The uprising in Tunisia has been described as a ‘twitter-powered revolution’ but this is not a new theme. Proponents of the Internet since the 1980’s (as well as defenders the recent onset of user-controlled web 2.0) constantly cite it’s democratic and emancipatory potential as self evident. They seem to suggest, that if we give the Chinese, the Russians, the Arabs enough internet access then the people will collectively rise up and fulfil their democratic potential (whatever that means). However, there are implications of using the Internet to this use which may undermine it’s potential for true resistance.

Evgeny Morozov, in his recent book “The Net Delusion: How Not to Liberate the World” provides us with a ‘user warning’ for revolution 2.0 and is therefore a must read for anyone thinking of starting an ‘uprising 2.0’. He reminds us that the Internet is still an open platform and that, especially in oppressive states, it provides the government with revolution information for free.

There are many examples. Remember that long-forgotten uprising in Iran? Well, now that the dust has settled, and the Western media has moved on; the authorities are clamping down. Using the ‘data trails’ left over from the many anti-state ‘twitters’ the authorities are able to seek out entire networks of dissidents and take them away. The method is simple: find a known dissident then track his network through Web 2.0.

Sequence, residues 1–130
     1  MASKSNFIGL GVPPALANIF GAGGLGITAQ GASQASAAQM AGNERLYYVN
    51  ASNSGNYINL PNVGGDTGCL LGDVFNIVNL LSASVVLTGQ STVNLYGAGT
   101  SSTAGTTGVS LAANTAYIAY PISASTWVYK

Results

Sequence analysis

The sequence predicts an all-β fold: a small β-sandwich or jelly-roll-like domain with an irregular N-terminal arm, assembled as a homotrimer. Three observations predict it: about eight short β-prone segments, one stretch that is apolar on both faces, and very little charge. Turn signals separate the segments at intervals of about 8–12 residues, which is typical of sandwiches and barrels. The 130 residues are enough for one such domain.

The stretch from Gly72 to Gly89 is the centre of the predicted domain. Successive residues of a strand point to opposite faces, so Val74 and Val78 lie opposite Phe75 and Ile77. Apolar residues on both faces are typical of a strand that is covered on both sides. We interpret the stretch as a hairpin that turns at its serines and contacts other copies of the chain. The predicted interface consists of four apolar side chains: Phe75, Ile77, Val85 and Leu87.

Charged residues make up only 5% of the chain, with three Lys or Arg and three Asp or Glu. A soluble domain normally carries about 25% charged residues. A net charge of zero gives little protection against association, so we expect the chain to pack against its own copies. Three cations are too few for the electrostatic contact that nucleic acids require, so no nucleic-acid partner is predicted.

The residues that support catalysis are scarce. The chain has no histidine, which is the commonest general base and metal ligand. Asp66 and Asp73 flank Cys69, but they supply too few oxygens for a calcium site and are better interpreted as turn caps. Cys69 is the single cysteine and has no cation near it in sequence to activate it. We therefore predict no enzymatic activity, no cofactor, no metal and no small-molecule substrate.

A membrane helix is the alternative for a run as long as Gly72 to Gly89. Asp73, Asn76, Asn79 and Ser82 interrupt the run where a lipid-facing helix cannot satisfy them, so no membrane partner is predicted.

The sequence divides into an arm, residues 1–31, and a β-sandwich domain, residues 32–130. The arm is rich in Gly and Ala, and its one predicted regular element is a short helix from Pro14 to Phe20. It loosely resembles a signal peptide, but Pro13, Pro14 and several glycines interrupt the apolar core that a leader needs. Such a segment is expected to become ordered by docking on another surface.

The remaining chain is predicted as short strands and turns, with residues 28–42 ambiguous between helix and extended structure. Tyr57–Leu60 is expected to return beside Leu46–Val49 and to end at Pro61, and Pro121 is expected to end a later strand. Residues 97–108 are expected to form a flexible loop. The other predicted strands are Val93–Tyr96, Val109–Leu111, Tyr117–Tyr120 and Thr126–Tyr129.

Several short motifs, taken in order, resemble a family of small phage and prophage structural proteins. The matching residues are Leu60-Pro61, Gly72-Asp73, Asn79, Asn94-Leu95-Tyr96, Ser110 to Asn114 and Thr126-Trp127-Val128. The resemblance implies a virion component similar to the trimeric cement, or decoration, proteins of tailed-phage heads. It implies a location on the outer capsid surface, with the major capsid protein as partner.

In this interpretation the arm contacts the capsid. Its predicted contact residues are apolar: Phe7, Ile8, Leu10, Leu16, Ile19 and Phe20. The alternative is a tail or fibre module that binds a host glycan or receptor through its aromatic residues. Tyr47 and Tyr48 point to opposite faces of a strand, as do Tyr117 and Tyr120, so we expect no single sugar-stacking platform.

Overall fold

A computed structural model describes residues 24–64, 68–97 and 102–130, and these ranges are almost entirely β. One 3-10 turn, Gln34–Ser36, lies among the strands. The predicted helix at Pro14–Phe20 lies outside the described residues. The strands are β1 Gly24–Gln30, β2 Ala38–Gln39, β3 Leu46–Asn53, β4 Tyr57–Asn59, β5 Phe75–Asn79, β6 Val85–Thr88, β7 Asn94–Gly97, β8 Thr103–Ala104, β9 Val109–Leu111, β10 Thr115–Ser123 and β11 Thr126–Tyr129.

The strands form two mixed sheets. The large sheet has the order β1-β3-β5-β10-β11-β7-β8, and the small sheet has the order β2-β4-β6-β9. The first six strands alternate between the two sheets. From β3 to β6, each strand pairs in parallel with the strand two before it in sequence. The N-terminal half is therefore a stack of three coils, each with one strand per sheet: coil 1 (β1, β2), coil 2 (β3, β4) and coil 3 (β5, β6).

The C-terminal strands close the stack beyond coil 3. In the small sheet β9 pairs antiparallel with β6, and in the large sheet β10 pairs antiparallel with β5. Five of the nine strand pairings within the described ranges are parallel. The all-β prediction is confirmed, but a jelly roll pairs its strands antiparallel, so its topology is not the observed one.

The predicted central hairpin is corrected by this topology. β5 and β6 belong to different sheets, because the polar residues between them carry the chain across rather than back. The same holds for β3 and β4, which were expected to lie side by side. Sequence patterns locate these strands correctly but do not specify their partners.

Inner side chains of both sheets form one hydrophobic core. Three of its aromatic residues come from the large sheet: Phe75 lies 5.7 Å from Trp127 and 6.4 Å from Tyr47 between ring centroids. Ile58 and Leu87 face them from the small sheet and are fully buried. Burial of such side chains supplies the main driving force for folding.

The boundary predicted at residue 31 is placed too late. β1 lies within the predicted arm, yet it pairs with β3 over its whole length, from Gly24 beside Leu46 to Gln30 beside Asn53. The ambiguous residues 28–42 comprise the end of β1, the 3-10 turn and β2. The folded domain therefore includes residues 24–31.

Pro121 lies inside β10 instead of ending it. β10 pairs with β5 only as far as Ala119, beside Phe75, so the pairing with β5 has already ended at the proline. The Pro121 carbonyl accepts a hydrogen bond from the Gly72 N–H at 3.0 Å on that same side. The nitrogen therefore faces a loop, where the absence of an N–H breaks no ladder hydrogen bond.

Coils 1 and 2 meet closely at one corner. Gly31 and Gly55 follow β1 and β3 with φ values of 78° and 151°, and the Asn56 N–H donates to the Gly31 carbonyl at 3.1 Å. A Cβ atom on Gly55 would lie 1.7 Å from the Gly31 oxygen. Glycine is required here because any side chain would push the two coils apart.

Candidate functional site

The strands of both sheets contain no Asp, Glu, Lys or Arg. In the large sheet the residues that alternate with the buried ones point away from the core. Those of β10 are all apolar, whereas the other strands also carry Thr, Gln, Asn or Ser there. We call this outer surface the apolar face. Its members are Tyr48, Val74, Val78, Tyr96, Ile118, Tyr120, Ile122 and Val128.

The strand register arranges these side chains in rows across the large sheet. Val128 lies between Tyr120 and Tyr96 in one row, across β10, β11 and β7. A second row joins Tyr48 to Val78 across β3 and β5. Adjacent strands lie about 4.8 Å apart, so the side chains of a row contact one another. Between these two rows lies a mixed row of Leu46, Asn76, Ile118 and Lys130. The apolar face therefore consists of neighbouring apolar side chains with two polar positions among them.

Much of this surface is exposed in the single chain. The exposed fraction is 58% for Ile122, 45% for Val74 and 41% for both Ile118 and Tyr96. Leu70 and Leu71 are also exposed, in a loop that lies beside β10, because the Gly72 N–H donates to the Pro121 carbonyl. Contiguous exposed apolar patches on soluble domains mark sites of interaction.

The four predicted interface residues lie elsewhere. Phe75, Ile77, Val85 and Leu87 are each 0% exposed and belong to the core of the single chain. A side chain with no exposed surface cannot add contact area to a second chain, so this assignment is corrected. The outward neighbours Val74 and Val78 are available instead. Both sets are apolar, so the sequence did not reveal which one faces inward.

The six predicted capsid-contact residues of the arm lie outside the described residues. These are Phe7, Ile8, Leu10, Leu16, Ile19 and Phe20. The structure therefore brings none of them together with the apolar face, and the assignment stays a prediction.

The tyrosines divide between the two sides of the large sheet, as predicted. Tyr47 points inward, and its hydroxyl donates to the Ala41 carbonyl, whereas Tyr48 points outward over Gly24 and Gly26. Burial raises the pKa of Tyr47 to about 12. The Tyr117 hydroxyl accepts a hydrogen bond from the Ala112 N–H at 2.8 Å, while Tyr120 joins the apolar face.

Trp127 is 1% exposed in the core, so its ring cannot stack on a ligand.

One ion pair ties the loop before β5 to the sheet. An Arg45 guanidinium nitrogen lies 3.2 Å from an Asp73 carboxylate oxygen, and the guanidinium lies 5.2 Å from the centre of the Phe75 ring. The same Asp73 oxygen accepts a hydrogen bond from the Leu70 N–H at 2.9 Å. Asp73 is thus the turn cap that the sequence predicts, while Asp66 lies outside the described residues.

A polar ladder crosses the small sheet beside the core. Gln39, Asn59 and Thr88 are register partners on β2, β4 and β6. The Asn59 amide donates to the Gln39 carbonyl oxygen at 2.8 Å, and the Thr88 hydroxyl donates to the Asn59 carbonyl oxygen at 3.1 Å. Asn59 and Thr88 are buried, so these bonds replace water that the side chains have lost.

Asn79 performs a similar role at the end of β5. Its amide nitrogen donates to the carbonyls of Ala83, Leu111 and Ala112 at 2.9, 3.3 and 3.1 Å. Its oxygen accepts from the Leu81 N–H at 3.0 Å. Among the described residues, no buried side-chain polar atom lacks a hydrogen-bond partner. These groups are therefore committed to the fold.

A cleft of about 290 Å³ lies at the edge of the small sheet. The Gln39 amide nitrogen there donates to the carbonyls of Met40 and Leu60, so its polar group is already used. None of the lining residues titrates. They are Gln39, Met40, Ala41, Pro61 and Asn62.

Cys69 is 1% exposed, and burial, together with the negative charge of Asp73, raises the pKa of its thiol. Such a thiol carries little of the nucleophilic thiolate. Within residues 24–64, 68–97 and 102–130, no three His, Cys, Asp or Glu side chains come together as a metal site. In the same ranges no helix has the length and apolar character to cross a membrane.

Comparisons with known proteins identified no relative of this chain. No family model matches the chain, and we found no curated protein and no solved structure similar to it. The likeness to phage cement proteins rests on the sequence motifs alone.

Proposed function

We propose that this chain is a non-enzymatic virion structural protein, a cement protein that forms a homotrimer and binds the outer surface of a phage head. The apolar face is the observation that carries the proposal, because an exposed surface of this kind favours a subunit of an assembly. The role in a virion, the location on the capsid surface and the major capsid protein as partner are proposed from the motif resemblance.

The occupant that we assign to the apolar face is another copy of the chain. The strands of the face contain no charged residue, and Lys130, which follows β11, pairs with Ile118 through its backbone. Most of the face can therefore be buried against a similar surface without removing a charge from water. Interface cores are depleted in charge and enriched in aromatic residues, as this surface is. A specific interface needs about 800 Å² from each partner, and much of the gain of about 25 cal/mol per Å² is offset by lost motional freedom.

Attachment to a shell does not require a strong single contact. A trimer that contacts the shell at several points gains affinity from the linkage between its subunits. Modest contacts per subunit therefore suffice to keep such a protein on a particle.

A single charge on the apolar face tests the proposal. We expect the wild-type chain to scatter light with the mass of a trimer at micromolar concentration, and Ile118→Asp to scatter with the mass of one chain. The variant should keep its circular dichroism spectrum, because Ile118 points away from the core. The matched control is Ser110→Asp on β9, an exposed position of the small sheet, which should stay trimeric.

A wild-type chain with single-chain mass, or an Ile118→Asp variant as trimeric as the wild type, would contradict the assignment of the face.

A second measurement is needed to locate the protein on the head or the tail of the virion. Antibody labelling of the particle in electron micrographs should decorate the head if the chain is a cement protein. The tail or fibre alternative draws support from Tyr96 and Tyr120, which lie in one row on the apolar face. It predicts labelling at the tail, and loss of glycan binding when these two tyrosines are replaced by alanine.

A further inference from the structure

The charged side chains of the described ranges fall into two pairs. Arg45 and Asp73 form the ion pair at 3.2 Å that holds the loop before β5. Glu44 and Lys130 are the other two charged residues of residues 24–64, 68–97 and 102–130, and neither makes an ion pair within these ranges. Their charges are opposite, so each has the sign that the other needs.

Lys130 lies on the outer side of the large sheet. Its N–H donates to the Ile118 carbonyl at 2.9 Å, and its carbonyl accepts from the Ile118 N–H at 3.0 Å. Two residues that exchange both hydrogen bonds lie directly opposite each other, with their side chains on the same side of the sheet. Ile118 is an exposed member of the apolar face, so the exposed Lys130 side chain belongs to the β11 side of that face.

“In the past, states used to torture to get this kind of data, now all they have to do is just to get on Facebook!” – Evgeny Morozov

In some states, governments are even encouraging Internet resistance in a twisted way to control people. In China, bloggers are allowed to discuss non-political issues and even criticize local government. However, this means that the dissidents are only resisting against small issues and not the bigger picture. Furthermore, it also allows the Chinese authorities to monitor the criticism: a kind of ‘sanctioned rebellion’.

Web 2.0 might have collective potential; but it is problematic too. You wouldn’t jump up on a box in Tripoli and openly criticise Colonel Gaddafi while his supporters are running round with rifles, so why do people do it online? This is an implication that is not yet fully understood in terms of its consequences for emancipatory struggle, but, as Morozov points out, it is important to bear it in mind.

“China Accused of Gmail Interference” – The Guardian (21st March 2011)


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